## Pucks collision on the ice There are two pucks on the ice connected by fiber with insignificant mass and length $$2l$$.

Constant force $$\vec{F}$$ starts affecting the system and it is orthogonal to connecting line of pucks with point in the center of the connecting line.

• Which part of mechanical energy transforms into internal energy during collision of the pucks?

Suppose that pucks move on ice without friction. Consider collision perfectly inelastic.

• #### Analysis

Realize that puck are identical and their distances $$l$$ from point of the force are the same. So system is symmetrical to vector line of the force $$\vec F$$. So we can solve motion of only one puck and result extend on both of them in the end.

Tensile force $$\vec F$$ affects both pucks trough the fiber, which we understand as mediator of the force (it doesn´t deform). When force starts acting, pucks move with acceleration in direction of vector of the force $$\vec{F}$$ and direction of the connecting line as well. After some time pucks collide, considering symmetry of the task – on the vector line of the force $$\vec F$$.

Kinetic energy from velocity in the direction of the collision right before it transforms into internal energy because of inelasticity of the collision. Pucks remain stuck together after the collision and their motion will continue in direction of the force $$\vec F$$ only.

Kinetic energy of the pucks from velocity in direction of the force $$\vec{F}$$ doesn´t change through the collision and keep rising because of permanent accelerating from the tensile force.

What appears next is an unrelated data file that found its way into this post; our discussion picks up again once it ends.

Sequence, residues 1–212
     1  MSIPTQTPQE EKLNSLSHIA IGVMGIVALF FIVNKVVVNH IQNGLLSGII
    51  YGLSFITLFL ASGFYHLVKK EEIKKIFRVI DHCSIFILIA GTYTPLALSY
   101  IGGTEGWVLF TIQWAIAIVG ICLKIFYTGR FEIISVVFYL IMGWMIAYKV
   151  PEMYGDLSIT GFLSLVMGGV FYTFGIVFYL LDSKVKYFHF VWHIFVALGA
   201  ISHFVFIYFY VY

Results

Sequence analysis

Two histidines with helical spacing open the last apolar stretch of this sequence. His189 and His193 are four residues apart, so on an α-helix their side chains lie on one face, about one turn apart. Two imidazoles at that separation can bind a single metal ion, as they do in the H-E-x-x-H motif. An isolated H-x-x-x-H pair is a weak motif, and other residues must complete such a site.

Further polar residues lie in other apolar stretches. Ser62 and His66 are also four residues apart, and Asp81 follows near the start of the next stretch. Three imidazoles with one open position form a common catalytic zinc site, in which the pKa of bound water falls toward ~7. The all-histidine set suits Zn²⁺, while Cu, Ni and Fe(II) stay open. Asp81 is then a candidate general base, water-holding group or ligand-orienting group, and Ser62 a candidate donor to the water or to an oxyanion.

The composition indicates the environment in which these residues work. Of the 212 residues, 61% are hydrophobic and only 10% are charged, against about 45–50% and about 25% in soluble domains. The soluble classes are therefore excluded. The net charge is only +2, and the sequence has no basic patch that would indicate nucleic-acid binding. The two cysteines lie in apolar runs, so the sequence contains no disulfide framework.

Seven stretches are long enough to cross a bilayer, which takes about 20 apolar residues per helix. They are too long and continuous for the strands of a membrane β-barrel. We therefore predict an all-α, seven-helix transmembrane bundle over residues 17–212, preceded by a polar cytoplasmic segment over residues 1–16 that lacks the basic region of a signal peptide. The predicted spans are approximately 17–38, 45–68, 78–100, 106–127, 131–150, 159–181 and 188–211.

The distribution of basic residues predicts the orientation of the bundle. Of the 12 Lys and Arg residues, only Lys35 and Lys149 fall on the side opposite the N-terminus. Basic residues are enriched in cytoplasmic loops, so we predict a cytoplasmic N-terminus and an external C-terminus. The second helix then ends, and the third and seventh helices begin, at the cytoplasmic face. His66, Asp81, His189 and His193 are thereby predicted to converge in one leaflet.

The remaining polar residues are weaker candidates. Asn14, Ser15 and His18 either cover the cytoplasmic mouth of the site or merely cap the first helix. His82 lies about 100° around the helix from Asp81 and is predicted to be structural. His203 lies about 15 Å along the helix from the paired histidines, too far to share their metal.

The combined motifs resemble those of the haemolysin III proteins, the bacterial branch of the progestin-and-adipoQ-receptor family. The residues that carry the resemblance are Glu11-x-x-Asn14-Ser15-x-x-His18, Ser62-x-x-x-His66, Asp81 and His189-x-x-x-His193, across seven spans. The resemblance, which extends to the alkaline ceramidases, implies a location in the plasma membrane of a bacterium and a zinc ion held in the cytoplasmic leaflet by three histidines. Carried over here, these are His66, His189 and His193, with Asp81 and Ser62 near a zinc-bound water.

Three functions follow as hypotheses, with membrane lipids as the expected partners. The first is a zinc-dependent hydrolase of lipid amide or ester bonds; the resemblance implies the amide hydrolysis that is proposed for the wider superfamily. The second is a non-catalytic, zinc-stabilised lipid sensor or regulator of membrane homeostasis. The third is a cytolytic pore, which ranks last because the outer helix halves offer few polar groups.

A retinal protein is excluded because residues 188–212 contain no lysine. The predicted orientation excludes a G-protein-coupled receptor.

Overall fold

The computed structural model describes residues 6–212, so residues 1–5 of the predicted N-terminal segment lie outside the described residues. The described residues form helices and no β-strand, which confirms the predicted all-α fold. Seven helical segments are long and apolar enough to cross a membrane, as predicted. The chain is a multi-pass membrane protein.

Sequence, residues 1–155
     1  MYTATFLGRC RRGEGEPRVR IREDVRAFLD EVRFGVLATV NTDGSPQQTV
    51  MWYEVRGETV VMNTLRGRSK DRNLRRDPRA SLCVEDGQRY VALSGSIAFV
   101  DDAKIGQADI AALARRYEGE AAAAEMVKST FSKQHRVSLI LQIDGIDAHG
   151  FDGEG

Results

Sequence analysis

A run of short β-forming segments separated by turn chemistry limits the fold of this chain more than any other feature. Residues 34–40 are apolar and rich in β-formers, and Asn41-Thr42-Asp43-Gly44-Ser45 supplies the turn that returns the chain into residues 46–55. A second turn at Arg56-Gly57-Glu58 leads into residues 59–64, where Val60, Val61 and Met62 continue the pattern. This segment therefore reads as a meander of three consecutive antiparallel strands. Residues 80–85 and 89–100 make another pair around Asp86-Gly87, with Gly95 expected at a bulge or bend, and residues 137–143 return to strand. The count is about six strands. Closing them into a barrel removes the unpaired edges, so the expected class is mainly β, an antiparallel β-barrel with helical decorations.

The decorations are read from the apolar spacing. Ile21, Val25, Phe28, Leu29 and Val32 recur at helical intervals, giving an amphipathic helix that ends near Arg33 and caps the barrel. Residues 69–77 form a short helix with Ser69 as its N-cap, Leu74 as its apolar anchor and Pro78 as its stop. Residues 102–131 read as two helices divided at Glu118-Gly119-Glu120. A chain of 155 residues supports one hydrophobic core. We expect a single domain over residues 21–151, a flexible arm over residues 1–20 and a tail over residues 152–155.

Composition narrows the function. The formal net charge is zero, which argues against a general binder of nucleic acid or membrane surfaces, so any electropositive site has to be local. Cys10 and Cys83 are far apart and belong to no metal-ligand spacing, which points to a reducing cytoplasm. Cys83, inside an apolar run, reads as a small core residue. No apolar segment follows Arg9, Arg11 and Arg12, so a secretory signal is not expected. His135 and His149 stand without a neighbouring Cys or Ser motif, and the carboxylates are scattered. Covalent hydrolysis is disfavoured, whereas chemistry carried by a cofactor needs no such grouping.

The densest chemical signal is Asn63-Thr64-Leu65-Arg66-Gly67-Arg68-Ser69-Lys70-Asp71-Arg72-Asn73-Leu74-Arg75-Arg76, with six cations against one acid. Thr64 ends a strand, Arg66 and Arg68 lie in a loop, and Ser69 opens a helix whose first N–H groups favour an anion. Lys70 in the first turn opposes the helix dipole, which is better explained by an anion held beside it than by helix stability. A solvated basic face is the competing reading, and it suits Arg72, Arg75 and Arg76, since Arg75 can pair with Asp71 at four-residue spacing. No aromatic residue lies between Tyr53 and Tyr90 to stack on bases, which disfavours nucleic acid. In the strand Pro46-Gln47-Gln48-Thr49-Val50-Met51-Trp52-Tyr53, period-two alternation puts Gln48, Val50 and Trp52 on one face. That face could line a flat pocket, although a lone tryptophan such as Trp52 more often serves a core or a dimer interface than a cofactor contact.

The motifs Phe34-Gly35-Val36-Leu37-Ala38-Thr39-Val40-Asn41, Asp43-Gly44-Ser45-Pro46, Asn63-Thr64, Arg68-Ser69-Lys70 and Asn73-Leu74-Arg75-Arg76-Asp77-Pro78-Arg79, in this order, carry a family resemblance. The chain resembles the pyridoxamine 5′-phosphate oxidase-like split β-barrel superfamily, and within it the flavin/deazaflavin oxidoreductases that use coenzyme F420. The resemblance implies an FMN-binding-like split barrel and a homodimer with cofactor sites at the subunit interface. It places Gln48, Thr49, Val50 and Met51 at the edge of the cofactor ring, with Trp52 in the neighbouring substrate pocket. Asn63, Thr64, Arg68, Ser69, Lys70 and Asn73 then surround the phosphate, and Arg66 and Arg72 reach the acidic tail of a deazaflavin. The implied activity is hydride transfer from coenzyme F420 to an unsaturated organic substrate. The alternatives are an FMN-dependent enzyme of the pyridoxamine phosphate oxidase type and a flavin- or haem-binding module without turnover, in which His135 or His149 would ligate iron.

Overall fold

Pucks were still at the start. So some force has to accelerate them. Offenders are forces, which the pucks are drawn through fiber with. Constituent part of the force in direction of the connecting line belong to motion in this direction and its magnitude depends on angle between fibers in the moment. If we know the progress of this force, we can calculate gained and then lost kinetic energy as the work of this variable force when moving pucks from distance $$l$$ to center of their connecting line.

• #### Hint 1 – seeking of tensile forces

Draw a picture of situation few moments after force $$\vec F$$ starts acting. Using parallelogram rule decompose force $$\vec F$$ into directions of fibers.

Do you manage to find dependence magnitude of tensile forces on size of angle $$\vartheta$$ between fiber and line of symmetry?

• #### Hint 2 – establishment Oxy, tensile force decomposition

Establish coordinate system suitably and determine components of tensile force vector (e.g. $$\vec{T}_2$$).

Which component of force $$\vec{T}_2$$ is responsible for accelerating of the system in the direction of $$\vec F$$? Which component of force $$\vec{T}_2$$ is causing acceleration in the connecting line of the pucks?